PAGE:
In response to COVID-19, our office is still operating and we encourage those who want to set up a consultation with us to do so and you will have the option via phone or skype. Visit our Coronavirus Resource page for up-to-date info on COVID-19 and immigration.

Enforcement of Civil Immigration Law: Updated DHS Guidance

Secretary of Homeland Security Alejandro Mayorkas recently issued new Guidelines for the Enforcement of Civil Immigration Law. The purpose of these Guidelines is to better focus the efforts of the Department of Homeland Security (DHS) on apprehending and removing those noncitizens who are threats to public safety, national security, and border security. These Guidelines replace the interim guidelines put into place by DHS officials in February 2021. The new Guidelines become effective on November 29, 2021.

New Guidelines Call for Officer Discretion

Under these Guidelines, DHS officials will engage in a case-by-case determination as to whether an individual truly poses a threat on one of these grounds, rather than a more categorical approach that has been used in the past. DHS confirmed that it does not wish to use its limited resources to focus on noncitizens who are not a threat and, in fact, contribute positively to the U.S.

The Guidelines largely leave the discretion whether to pursue enforcement action up to the personnel who carry out immigration enforcement actions or Immigration and Customs Enforcement (ICE) officers. All officers and related personnel will undergo training, personnel, and case review processes before the new Guidelines go into effect.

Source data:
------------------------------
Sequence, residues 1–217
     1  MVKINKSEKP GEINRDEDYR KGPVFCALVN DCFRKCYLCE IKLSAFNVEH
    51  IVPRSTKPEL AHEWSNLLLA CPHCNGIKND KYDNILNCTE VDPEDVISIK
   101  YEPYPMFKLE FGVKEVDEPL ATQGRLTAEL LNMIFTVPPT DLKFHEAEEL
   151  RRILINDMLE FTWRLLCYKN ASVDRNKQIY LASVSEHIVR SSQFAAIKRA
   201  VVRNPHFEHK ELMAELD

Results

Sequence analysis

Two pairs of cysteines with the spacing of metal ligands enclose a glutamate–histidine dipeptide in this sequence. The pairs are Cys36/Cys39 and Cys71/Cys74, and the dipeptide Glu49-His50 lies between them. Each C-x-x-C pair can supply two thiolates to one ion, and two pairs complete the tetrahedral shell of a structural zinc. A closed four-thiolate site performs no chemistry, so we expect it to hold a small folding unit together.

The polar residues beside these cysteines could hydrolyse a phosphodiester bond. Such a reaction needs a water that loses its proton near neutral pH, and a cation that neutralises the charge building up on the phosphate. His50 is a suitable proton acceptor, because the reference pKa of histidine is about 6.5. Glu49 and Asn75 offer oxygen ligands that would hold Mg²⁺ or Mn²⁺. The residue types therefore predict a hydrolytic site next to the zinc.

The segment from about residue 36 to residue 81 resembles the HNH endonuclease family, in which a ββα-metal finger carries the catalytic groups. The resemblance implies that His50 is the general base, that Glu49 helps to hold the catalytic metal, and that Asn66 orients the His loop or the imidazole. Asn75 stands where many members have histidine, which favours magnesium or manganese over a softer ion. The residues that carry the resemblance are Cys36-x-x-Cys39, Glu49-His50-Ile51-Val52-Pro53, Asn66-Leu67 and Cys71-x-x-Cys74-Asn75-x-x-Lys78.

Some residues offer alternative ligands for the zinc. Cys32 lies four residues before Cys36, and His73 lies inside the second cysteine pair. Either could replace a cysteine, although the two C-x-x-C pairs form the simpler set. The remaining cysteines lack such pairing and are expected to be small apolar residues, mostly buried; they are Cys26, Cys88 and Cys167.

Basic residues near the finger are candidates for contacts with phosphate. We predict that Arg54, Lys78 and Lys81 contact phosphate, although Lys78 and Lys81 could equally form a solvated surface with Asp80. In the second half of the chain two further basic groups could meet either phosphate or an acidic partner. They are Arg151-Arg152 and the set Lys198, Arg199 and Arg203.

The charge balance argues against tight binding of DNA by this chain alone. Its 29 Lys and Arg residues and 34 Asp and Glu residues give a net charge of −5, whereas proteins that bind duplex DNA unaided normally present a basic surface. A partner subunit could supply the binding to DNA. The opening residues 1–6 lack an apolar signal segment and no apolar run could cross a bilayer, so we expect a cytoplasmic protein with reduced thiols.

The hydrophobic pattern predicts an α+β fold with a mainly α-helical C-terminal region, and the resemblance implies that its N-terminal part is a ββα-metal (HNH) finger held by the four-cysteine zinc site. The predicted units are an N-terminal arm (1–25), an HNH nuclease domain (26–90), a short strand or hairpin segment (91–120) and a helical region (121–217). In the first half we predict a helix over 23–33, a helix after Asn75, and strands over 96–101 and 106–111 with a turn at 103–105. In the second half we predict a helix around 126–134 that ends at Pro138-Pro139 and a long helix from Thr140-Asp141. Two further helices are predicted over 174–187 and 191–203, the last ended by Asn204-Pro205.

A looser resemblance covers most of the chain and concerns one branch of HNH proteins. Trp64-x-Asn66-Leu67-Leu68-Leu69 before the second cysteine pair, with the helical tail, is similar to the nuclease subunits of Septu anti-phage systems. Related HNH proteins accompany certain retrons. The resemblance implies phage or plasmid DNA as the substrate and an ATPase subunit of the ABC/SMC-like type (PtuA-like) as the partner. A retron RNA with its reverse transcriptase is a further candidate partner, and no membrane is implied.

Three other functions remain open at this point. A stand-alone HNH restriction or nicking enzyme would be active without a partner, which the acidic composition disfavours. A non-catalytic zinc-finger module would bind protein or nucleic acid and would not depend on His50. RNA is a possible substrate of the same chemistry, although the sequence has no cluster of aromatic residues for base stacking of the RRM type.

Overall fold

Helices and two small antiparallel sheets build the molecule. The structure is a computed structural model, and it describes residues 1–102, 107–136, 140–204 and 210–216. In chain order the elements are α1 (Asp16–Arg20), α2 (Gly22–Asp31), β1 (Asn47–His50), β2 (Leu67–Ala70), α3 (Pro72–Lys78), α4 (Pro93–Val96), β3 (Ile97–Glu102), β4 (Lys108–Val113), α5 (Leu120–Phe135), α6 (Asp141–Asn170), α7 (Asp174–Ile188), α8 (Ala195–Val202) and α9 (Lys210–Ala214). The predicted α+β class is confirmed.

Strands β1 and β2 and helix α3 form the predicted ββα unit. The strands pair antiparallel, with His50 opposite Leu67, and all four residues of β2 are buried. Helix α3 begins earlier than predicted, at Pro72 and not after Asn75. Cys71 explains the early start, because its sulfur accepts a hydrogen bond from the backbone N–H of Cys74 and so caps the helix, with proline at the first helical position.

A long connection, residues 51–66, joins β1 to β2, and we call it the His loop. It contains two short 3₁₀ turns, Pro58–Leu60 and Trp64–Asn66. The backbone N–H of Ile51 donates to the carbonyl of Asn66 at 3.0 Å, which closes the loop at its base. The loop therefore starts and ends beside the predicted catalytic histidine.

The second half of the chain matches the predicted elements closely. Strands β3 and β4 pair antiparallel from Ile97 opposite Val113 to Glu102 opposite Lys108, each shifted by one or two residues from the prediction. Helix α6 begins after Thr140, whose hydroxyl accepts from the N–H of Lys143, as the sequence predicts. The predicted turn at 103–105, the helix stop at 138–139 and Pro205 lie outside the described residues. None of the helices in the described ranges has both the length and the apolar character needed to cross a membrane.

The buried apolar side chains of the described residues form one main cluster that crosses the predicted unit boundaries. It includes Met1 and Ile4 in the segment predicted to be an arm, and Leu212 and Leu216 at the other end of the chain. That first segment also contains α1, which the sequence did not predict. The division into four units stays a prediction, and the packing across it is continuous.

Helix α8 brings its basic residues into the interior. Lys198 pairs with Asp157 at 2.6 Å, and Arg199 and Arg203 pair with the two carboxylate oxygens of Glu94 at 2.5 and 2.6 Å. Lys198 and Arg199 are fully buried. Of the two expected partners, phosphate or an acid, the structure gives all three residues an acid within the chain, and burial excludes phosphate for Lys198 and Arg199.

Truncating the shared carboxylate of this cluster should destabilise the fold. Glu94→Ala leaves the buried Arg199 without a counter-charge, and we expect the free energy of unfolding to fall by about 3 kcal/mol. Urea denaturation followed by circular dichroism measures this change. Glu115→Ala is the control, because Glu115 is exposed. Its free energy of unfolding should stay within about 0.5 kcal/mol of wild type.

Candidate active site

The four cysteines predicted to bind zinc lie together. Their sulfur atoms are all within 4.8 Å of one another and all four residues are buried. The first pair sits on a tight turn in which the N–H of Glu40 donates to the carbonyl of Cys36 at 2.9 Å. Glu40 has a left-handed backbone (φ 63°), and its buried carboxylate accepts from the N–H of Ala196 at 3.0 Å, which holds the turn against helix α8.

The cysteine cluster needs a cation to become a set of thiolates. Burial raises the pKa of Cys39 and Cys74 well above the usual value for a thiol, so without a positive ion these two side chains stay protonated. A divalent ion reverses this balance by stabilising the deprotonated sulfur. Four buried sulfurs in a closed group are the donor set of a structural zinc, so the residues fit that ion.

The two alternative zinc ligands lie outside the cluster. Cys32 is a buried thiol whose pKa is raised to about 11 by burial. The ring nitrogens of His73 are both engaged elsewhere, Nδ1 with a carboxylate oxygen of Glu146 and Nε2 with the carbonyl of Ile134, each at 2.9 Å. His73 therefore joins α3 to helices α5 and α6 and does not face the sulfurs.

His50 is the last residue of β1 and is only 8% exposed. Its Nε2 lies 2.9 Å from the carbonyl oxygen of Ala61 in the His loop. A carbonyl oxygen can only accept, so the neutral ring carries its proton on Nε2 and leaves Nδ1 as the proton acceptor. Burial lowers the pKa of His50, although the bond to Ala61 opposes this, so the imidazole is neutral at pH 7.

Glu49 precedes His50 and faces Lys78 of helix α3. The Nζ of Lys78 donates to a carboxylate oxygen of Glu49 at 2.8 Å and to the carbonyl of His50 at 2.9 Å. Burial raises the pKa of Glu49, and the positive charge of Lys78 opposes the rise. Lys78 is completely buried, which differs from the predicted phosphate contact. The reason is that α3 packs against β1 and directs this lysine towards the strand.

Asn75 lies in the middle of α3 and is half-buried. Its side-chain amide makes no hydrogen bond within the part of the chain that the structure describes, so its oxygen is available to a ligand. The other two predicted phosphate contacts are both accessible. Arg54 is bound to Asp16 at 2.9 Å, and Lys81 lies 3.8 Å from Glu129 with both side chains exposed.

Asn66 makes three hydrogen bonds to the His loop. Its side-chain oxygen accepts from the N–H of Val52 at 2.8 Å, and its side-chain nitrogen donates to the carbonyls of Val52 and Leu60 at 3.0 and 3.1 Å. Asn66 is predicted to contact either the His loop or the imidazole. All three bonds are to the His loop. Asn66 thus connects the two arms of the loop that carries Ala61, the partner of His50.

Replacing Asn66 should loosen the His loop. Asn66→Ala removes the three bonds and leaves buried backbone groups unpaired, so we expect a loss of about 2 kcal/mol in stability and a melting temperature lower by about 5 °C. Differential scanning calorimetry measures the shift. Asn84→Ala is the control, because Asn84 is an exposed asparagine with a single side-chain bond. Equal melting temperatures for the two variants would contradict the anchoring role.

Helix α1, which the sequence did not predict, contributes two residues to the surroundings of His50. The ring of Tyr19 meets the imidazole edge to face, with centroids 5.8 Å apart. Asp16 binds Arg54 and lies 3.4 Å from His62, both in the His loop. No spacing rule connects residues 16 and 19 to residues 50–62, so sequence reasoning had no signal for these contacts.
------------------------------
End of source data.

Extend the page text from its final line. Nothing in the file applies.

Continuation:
Priority Areas of Apprehension and Removal

DHS estimates that more than 11 million immigrants without legal documentation reside in the U.S. The new Guidelines prioritize three areas of civil immigration enforcement, as follows:

  • Threats to National Security – include noncitizens involved in terrorism, espionage, and terrorist-related activities, as well as other forms of threats to national security
  • Threats to Public Safety – include noncitizens who have committed serious criminal acts
  • Threats to Border Security – include noncitizens apprehended at the border or a port of entry or airport while attempting to enter the U.S. unlawfully or who were apprehended in the U.S. after unlawfully entering the U.S. after November 1, 2020

Basis of Civil Immigration Enforcement Actions

The new Guidelines clarify that the mere fact that a noncitizen may be removable under American immigration laws will not be the sole basis for an enforcement action against them. Likewise, the Guidelines caution against any immigration enforcement actions based on race, gender, sexual orientation or gender identity, national origin, or political associations. Finally, the Guidelines also warn against pursuing vulnerable immigrants whose employers or landlords have sought to turn them over to ICE solely as a means of punishment or retaliation.

We Are Here to Help You with All Your Immigration Law Needs

The focus of the new Guidelines on prosecutorial discretion may open up more opportunities to allow noncitizens to avoid apprehension and removal under certain circumstances. We are happy to discuss your unique situation and determine whether these new Guidelines may be helpful in your immigration case.

The attorneys and staff of Bashyam Global focus on providing legal assistance to individuals and businesses with immigration matters. As immigration law’s landscape continues to evolve rapidly, we pride ourselves on keeping up to date with regulation and policy changes as they occur. Together, we can work toward getting the legal relief that you are seeking. Contact our offices today at (919) 833-0840 and schedule an appointment to speak with us about your case.